The preamble to the Constitution states that it was established for six purposes: make a better union of the states, establish justice,.insure domestic tranquility, common defense, promote general welfare, and secure blessings of liberty. Two of those apply directly to law enforcement, “Justice” and “Tranquility” (the capitalization is in the original). Justice is first. But thinking that “Tranquility” gives more power to law enforcement only shows that the thinker misunderstands what tranquility is.

I think that many who are gung ho for the military believe that two apply to a strong military and intelligence community: common defense and “securing” the blessings of liberty. Again I would point out that “Blessings of Liberty” is capitalized in the text, but “common defense” is not. And I do not believe that an omnipresent intelligence apparatus “secures” any blessings of liberty. It may “secure” the position of a government, and though evidence indicates contrary, it can be argued that securing the government makes the people secure. But it does not secure any liberty.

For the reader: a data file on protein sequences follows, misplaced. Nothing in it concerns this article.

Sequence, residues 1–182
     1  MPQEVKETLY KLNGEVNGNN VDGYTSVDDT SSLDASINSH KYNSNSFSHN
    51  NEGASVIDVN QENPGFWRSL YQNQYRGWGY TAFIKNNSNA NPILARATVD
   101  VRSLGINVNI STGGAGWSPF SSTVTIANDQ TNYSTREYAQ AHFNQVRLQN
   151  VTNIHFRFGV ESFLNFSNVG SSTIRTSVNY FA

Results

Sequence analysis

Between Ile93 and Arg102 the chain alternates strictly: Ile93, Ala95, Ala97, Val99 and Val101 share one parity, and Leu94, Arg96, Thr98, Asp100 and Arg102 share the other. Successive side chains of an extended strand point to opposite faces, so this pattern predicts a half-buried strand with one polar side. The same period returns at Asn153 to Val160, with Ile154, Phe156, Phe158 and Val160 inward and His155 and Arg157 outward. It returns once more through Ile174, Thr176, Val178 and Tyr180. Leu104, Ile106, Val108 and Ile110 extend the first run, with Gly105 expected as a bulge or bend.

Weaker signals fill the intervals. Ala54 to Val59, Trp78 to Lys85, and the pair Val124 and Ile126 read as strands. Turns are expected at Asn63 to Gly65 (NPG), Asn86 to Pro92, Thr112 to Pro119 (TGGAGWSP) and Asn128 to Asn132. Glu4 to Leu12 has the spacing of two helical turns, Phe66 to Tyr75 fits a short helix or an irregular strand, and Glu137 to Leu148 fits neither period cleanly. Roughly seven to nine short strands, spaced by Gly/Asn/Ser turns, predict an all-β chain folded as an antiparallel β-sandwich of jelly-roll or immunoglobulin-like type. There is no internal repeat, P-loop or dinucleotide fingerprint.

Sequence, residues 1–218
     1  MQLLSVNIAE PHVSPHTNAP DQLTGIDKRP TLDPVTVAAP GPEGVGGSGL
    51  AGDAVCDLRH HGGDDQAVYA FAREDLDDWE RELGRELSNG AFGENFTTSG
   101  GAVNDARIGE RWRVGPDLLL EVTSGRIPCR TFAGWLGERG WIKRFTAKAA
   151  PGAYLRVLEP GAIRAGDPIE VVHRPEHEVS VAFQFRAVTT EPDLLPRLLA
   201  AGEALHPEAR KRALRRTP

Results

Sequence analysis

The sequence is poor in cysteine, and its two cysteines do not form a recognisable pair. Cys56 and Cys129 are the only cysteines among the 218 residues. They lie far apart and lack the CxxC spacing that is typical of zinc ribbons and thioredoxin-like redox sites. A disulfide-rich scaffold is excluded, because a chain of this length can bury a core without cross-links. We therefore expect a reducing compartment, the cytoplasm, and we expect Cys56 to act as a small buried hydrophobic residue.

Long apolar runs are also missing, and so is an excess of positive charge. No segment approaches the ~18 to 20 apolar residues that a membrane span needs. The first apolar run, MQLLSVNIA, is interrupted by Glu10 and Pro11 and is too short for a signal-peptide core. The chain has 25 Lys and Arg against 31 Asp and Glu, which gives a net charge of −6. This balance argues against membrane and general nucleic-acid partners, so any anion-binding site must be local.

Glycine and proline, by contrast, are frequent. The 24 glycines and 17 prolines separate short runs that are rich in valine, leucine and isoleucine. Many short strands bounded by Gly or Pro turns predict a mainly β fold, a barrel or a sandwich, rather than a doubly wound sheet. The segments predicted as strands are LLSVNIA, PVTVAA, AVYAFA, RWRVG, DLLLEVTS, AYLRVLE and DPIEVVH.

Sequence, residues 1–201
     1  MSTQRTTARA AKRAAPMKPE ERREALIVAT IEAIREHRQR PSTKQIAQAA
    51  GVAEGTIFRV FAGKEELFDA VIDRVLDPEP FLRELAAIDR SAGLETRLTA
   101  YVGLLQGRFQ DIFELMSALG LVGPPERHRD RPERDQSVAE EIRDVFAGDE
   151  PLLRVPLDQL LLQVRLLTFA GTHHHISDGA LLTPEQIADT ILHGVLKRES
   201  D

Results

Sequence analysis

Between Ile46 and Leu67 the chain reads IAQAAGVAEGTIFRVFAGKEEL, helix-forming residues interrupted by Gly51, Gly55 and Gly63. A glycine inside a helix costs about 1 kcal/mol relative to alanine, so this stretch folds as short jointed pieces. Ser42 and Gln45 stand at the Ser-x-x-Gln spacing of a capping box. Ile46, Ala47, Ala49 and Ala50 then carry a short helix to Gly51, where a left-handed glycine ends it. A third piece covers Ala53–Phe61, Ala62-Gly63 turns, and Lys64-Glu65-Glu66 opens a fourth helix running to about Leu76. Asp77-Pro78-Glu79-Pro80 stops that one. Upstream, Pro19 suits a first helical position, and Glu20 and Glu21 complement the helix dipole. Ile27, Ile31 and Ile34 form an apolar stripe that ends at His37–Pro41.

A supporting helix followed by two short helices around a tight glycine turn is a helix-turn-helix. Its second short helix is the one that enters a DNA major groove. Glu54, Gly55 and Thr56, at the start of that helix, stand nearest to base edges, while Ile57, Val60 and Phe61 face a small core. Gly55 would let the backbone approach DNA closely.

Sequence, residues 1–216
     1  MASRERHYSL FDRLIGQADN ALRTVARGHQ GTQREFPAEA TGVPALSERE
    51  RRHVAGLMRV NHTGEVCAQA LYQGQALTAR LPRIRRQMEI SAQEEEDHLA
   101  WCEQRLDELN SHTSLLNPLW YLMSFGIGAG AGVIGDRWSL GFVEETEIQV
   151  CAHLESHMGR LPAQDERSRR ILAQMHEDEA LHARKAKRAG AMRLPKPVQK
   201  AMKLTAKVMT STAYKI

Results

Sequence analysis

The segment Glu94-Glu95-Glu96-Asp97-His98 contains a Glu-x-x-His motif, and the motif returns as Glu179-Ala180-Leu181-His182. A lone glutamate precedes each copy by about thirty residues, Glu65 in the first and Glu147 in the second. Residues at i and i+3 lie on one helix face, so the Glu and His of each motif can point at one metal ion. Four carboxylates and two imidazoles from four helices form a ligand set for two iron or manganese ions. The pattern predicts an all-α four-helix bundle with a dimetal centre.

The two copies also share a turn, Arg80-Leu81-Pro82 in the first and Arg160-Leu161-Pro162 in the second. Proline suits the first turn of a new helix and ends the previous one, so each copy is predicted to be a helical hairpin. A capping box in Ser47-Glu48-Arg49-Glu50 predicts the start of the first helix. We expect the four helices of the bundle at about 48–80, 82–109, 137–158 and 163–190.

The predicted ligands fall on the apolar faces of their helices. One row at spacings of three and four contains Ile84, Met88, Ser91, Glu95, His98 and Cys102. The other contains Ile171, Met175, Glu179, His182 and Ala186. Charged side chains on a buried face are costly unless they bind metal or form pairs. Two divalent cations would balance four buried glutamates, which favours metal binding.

We have lost our way as a nation. We do not remember the purposes for which we became a nation or the principles that moved us toward greatness. Unless we stand by those principles again, I cannot see ever achieving greatness. The United States is an newly adult nation who still has much work to do to achieve its goals and dreams. Please remember those dreams. Don’t get distracted into other avenues. Pursue those dreams of equality and liberty. Become a model for the world.

“Liberal” as an insult.

screen shot, because the coward deleted it.

screen shot, because the coward deleted it.

Just to provide context for the last tweet

Media Query Update

So I did some more tinkering. I figured, there has to be a way this makes sense.

Especially since I spent another day at work working with a page with these declarations that is working exactly as intended:

<link rel="stylesheet" media="screen and (min-width: 320px) and (max-width: 480px)" href="styles/rplo-iphone5.css">
<link rel='stylesheet' media='screen and (min-width: 560px) and (max-width: 720px)' href='styles/rplo-iphone5.css' />

I did a version of my page from the last post that had this: